However, the return to somewhat more reasonable valuations applies to the entire industry and can also be seen at Omega Healthcare, Ventas, and Welltower. The attractive valuation is therefore not necessarily a reason to buy at the moment.
The dividend scoreboard for LTC Properties
If we look at the dividend indicator, the results are as follows:
- Dividend Yield 6.2%
- Payout Ratio FFO: 77%
- 5 Year Growth Rate: 2.2%
- Last dividend increase: 2016
LTC Properties seems to be a well-managed company. It has a good balance sheet and has increased revenues and profits considerably in recent decades. It might make sense to explore a future investment and conduct thorough due diligence. In particular, I would like to know whether LTC has a competitive advantage over its major rivals or enjoys other benefits. But right now, I’m lacking the “story” to take an in-depth look at the company because I am already invested in this sector.
Who is overvalued who is undervalued?
Finally, I have two more graphs for you concerning two more companies that are on my broader watchlist: One is strongly undervalued, the other overvalued (after almost doubling after the COVID-19 crash).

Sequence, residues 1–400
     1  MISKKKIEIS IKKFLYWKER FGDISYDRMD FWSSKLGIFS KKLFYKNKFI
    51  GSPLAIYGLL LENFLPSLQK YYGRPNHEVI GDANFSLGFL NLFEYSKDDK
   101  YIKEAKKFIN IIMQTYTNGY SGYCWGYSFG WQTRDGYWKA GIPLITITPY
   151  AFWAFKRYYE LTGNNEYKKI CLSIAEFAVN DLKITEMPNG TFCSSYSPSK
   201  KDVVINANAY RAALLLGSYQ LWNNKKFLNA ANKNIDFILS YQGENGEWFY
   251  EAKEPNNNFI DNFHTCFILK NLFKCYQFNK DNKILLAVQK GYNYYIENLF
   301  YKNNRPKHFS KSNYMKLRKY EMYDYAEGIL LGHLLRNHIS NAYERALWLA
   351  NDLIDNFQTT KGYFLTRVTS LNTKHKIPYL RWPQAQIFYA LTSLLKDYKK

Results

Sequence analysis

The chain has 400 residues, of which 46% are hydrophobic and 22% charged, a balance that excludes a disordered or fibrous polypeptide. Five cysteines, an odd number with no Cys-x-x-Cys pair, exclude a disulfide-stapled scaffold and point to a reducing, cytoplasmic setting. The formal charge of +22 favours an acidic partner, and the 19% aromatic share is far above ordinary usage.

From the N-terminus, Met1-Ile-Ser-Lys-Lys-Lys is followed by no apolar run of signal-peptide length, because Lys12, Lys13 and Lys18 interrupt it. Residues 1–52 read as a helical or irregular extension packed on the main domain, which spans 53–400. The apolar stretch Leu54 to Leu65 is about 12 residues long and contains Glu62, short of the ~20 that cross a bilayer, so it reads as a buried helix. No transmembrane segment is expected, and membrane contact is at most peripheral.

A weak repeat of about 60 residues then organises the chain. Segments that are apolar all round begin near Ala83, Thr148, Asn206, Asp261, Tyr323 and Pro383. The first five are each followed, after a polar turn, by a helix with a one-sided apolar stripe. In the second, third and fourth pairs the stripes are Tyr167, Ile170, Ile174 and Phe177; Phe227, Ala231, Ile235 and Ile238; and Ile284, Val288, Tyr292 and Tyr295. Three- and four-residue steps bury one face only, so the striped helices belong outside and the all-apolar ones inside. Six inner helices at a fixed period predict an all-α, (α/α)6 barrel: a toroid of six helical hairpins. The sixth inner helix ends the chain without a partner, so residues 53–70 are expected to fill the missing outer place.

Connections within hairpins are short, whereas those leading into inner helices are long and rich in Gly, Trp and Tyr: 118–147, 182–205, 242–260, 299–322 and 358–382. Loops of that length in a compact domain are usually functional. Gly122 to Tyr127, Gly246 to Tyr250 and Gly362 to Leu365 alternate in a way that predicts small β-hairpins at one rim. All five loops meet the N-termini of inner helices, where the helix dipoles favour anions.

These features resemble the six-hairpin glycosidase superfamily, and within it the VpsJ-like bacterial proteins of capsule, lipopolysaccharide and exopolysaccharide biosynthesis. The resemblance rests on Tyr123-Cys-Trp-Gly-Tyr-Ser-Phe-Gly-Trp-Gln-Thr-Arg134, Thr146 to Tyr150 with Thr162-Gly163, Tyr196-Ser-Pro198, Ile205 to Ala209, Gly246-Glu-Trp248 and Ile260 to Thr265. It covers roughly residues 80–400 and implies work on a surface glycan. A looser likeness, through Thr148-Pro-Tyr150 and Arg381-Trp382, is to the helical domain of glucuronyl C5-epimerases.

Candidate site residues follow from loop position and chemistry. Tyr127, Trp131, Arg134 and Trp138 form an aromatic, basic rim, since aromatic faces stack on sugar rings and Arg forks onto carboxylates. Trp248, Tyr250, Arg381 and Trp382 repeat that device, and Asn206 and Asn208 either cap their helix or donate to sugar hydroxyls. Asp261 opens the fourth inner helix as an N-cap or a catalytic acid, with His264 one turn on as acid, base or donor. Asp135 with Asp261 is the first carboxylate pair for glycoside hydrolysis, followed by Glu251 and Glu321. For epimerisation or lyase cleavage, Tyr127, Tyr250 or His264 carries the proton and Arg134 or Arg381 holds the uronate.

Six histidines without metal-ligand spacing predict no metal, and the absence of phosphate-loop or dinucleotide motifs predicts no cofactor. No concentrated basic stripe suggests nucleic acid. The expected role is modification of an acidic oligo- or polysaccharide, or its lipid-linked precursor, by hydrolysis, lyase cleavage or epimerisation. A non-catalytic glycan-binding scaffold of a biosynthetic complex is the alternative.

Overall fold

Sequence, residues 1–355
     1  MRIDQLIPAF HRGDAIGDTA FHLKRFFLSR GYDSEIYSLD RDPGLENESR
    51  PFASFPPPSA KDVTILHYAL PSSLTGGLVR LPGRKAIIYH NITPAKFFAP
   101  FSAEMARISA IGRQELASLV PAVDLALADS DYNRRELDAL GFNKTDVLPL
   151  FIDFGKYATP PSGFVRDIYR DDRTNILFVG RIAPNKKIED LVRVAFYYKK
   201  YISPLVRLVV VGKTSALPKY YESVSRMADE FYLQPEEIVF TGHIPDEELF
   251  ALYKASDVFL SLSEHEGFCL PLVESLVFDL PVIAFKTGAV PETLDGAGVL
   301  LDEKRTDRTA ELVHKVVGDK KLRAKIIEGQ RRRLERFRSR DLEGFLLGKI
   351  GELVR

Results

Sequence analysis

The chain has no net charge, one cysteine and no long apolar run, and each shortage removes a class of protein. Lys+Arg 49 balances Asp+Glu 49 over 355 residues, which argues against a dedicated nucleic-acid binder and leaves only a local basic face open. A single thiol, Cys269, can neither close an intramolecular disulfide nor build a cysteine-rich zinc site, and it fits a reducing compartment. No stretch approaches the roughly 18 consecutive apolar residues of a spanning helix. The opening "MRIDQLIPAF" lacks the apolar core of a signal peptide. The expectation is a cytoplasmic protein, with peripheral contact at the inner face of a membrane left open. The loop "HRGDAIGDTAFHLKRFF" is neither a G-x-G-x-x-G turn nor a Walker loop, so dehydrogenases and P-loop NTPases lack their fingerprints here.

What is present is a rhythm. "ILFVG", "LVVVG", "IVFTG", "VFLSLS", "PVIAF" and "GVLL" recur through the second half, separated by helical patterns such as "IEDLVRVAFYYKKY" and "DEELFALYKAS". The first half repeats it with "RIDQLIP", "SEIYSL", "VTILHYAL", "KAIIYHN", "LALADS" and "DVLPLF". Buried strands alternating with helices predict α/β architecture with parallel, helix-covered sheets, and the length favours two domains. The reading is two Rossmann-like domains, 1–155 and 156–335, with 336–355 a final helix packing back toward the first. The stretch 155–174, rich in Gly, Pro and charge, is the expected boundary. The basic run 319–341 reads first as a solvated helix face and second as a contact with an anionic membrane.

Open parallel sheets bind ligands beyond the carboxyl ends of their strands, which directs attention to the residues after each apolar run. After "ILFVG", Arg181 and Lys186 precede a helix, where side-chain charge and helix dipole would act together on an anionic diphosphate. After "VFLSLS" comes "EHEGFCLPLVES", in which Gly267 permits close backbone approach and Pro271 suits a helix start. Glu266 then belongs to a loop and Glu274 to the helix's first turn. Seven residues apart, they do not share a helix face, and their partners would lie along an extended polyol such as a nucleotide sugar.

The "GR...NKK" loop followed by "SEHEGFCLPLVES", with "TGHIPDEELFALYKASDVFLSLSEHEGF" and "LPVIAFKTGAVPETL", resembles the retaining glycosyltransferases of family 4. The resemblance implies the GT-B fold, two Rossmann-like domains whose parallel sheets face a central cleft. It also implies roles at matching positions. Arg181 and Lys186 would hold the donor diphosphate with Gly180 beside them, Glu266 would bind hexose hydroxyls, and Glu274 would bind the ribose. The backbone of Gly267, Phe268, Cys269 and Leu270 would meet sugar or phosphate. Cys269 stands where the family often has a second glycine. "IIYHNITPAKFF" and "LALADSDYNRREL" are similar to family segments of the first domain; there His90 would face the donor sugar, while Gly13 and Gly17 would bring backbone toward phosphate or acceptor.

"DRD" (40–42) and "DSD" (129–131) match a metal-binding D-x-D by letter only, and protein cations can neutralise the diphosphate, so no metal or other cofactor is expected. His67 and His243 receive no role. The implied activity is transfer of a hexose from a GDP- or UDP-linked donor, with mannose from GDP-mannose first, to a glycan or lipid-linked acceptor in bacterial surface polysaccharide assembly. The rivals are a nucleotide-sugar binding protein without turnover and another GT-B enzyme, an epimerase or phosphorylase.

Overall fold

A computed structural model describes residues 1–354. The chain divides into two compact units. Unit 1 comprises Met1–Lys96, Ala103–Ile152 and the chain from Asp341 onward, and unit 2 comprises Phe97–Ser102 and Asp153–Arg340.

CVS Health ist undervalued
Lowe’s Companies is overvalued after a short crash during COVID-19
Time to do your due diligence
Has a company caught your interest? Attractive dividend yields should not be the only reason to buy shares of a company. Instead, you must carry out careful due diligence before every purchase. The Internet offers you excellent opportunities in this respect.
Otherwise, I use tools like those from Dividendstocks.cash and Seeking Alpha to do further research. You can also find me and my analyses on these platforms. We also have a small but lovely group on Facebook that you can join. We share there only fundamental analyses of companies from various sources. So there is no spamming or anything like that.
If you don’t want to miss any new articles, you can easily follow me on